Amyotrophic Lateral Sclerosis (ALS)-New Twists on Root Causes
|Teacher, Mentor and Friend Dr. Pat Carr has been a key figure in helping shape the direction of my company. He has a gift for communicating the nuances of his research and coaching me on how to best serve labs like his. Based on these interactions, it came as no surprise to learn of his being Recognized for Excellence in Teaching, Research and Service at University of North Dakota.
“Dr. Carr has a magic way of teaching,” said second-year medical student, Tyson Bolinske. “He is able to take the most difficult topics and, through detailed notes, logically break down the material.”
From a recent dialog, I learned of his growing work on the Ventral Horn and search for root causes of Amyotrophic Lateral Sclerosis (ALS). I wanted to learn more! I would like to thank Pat for agreeing to share his story and giving me the opportunity to feature highlights in “News Behind the Neuroscience News”.
Information on ALS
ALS is an insidious disease. It is a progressive neurodenerative disease that is always fatal. Approximately 5600 new cases are diagnosed each year. Average survival is typically 3-5 years from onset. The most common form of ALS in the United States is “sporadic” ALS. It can happen to anyone at anytime. The other is the inherited form named “Familial” ALS (FALS). Only about 5 to 10% of all ALS patients appear to have FALS. As the disease progresses the symptons become more acute. Paralysis spreads through the body affecting speech, swallowing, chewing and breathing. Ventilator support is need in late stages
Pat took the “road less traveled”. He was a passionate hockey player in Canada. He concluded in his late teens that he was not at a level to take this road to wealth and fame.
06/04–present Associate Professor, Department of Anatomy & Cell Biology, School of Medicine and Health Sciences, University of North Dakota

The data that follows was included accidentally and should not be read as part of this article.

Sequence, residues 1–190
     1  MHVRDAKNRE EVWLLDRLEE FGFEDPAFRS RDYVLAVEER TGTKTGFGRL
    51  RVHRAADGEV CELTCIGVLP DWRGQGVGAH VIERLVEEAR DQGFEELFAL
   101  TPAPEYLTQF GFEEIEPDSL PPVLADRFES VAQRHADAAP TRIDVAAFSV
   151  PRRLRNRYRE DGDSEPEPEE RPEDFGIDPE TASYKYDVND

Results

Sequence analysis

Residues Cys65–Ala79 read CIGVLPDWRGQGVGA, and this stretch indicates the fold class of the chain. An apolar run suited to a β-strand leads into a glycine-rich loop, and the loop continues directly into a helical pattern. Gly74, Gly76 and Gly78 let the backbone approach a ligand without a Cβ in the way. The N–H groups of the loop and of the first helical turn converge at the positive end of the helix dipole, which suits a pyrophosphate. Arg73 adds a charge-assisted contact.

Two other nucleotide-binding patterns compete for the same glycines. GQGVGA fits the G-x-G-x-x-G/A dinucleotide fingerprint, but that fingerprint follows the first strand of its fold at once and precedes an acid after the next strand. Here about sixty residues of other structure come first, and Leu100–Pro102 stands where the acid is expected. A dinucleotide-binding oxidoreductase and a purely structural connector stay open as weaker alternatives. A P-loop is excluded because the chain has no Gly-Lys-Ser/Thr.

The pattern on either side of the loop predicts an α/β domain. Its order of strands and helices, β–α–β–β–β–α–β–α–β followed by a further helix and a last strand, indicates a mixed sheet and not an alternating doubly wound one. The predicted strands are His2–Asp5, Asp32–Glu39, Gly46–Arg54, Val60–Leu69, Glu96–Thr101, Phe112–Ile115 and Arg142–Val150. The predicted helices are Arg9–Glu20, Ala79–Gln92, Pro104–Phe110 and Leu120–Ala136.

1996–98 Research Associate/Adjunct Assistant Professor/Auxilliary Assistant Professor, Department of Anatomy;Wright State University
07/98–06/04 Assistant Professor, Department of Anatomy & Cell Biology, School of Medicine and Health Sciences, University of North Dakota
Postdoc, National Institutes of Health, Neuroscience, 1994-96
Postdoc, University of Manitoba, Neuroscience, 1992-1994
Ph.D., University of Manitoba, Physiology, 1992
Next was a stint as an automechanic in Brandon, Canada. The discipline and logic involved in fixing cars catalyzed an interest in Science which led to him going to Brandon University to study Geology. When the oil market collapsed in 1983, he decided to change his studies to Zoology and earned a BS in 1984.
A passion was sparked when he did field research in the Canadien Rockies studying parasites in Columbian Ground Squirrels. He loved it, but recognized the limited value of continuing thsese studies. This lead to the wide open field of Neuroscience and the opportunity to study and solve problems that could benefit mankind. His graduate work at University of Manitoba and focusing on Neuropathic Pain and the Dorsal Horn. He then moved on to studying Ventral Horn and Motor Control Function for his Post Doc at Wright State.
From Pain to ALS
It was Pat’s work in Pain at the University of North Dakota that brought me into initial contact with him. He generously put some of our key Pain/Inflammation and Neurotransmission Research Antibodies through their paces. These included some of our Neuropeptide and Neuropeptide Receptors , P2X Receptors and TRPV1s (Vanilloids).
His previous work in studying the Ventral Horn combined with a colleagues mouse model of ALS combined to create a prefect opportunity to advance the understanding of ALS. Pat cautioned me with this insight: “sometimes it is not what you want to study; it is what you can study. The model is SOD1 (superoxide dismutase 1) which is core to FALS.(occurs in only about 10% of the ALS cases).
Pat is broadening the play field by looking at what else is happening in sporadic ALS vs FALS. Specifically, he is looking at modulation of alpha Motor Neurons and how the activity of adjacent Renshaw Cells impact signaling and modulation. Renshaw Cells act as a “governor” on the activity of these alpha Motor Neurons.
He is drilling down by studying the signaling of ChAT (Choline Acetyltransferase), VAChT (Vesicular acetylcholine transporter) and related molecules. By gaining a deeper understanding of how Renshaw Cells signaling changes the activity of alpha Motor Neurons in ALS, Pat and his team are taking steps towards discovering roots causes.
As these root causes are further illuminated, I will be reporting specifics in my blog.